The Columbus Zoo and Aquarium opened in in 1927 with just a few animals. Today, the zoo is 90 acres with over 10,000 animals, representing over 575 species in six distinct habitats. The newest exhibit, Heart of Africa, is a 43 acre exhibit which transports visitors to an African savanna complete with lions, cheetahs, giraffes, zebras and Vervet monkeys. This exhibit opened at the Columbus Zoo and Aquarium at the end May this year.
My husband, Kenneth, and I loved going to the The Columbus Zoo and Aquarium. It’s definitely one of our favorite Columbus attractions! You can read my review of our September 2013 visit and our most recent visit to see the Zoo’s annual holiday Wildlights exhibit on my previous blog, Cbus52: Columbus in a Year.
Kenneth and I were lucky enough to be two of the hundreds of visitors to tour Heart of Africa the day it opened (which was just days before we moved from Columbus to the Cincinnati area). We arrived at the Zoo around 9:30am. Despite the opening being on a weekday (and before most school’s had closed for the summer), the Zoo was packed! We quickly made our way to the new exhibit area (it was difficult to rush through the North America exhibit and not stop to see some of our favorite native animals, like the American bobcat and mountain lion).
The crowd to see the ribbon cutting was huge! The amazing actress, Betty White, who happens to be an old friend of Jack Hanna’s, was there to say a few words and help officially open the exhibit. She spoke briefly about her first visit to the Zoo in 1979 and her lifelong dream to visit Africa, which she had recently given up because her age and health would not allow her to make such a trip. She toured Heart of Africa the night before the official opening and was happy to announce that she felt she had achieved her dream of going on an African safari right here in Columbus. Just before she helped Jack Hanna cut the ribbon, he announced that the entrance to Heart of Africa was being named “Betty White Way,” in honor of their friendship and her support of animals and the Zoo. So sweet!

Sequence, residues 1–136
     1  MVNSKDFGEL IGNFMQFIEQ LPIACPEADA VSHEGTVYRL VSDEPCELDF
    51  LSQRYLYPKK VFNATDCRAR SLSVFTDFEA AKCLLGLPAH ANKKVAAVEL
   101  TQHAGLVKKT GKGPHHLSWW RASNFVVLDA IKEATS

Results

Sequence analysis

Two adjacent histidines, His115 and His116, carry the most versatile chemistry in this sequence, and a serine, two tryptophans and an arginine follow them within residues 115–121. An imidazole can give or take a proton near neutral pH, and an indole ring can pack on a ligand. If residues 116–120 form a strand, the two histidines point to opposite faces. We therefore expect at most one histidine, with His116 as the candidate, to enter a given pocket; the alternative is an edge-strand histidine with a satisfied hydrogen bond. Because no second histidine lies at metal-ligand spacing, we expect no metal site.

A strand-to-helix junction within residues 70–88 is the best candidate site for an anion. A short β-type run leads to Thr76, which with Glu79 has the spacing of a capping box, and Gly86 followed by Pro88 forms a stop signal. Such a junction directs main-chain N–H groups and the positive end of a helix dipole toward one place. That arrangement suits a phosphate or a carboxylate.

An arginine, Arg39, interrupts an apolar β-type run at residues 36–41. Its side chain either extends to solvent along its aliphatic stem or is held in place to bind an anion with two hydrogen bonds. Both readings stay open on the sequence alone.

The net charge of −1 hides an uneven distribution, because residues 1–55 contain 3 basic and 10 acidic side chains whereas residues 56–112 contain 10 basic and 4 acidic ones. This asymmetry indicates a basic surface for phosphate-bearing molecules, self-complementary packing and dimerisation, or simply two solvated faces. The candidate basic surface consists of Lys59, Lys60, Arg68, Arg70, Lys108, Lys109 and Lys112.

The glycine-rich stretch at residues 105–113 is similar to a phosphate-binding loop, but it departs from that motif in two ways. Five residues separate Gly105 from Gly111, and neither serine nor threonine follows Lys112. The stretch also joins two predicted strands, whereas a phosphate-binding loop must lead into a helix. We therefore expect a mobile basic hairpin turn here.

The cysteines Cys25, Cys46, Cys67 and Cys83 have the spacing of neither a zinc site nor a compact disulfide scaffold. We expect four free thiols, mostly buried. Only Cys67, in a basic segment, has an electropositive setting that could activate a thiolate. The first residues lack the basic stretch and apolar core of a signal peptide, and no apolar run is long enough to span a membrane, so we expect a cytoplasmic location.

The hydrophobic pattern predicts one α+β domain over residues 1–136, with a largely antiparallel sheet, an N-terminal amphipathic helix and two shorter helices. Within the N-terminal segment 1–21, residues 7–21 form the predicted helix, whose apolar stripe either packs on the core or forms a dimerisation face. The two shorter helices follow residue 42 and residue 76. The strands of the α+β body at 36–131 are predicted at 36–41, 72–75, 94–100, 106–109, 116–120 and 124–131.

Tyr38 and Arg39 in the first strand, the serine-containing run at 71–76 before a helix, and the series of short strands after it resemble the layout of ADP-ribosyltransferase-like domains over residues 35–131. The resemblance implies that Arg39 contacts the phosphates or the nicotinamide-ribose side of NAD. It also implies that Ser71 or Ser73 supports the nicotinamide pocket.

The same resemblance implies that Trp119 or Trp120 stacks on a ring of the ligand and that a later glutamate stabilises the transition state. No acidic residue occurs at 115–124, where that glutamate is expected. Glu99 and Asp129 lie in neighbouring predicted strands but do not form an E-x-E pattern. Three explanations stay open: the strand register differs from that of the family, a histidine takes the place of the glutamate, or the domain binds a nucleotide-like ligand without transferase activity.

I was so excited to see some of my favorite animals in Heart of Africa: camels! Two young camels are in their own enclosure, and just around the corner are adult camels that visitors can ride. These camels are Dromedary camels (single humped camel) and in the wild they live in the deserts of Northern Africa and southwestern Asia. I’ve loved camels ever since I was a kid. I’m not sure what first sparked my interest, I remember writing a report about these fascinating animals as early as first grade. I desperately wanted a camel as a pet, which I would ride to school. Instead of a Dromedary camel, I wanted a Bactrian camel (double humped camel), which are native to central Asia and able to withstand both extremely hot and cold temperatures (perfect for Ohio!). Despite my love for camels I did not ride one at the Zoo, I’m saving that for our next visit!